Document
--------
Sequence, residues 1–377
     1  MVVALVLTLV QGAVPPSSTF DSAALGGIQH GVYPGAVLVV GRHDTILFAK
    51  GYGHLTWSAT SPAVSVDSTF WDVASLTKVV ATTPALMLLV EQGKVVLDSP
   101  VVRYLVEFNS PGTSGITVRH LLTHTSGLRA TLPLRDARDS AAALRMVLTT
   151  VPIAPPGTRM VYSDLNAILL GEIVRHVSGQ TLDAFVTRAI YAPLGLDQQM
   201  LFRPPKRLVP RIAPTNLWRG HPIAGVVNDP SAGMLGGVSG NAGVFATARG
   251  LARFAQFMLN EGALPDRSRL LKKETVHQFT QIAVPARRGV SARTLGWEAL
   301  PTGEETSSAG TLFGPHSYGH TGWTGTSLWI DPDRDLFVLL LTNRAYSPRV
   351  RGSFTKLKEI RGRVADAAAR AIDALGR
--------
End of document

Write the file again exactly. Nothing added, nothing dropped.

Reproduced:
Sequence, residues 1–377
     1  MVVALVLTLV QGAVPPSSTF DSAALGGIQH GVYPGAVLVV GRHDTILFAK
    51  GYGHLTWSAT SPAVSVDSTF WDVASLTKVV ATTPALMLLV EQGKVVLDSP
   101  VVRYLVEFNS PGTSGITVRH LLTHTSGLRA TLPLRDARDS AAALRMVLTT
   151  VPIAPPGTRM VYSDLNAILL GEIVRHVSGQ TLDAFVTRAI YAPLGLDQQM
   201  LFRPPKRLVP RIAPTNLWRG HPIAGVVNDP SAGMLGGVSG NAGVFATARG
   251  LARFAQFMLN EGALPDRSRL LKKETVHQFT QIAVPARRGV SARTLGWEAL
   301  PTGEETSSAG TLFGPHSYGH TGWTGTSLWI DPDRDLFVLL LTNRAYSPRV
   351  RGSFTKLKEI RGRVADAAAR AIDALGR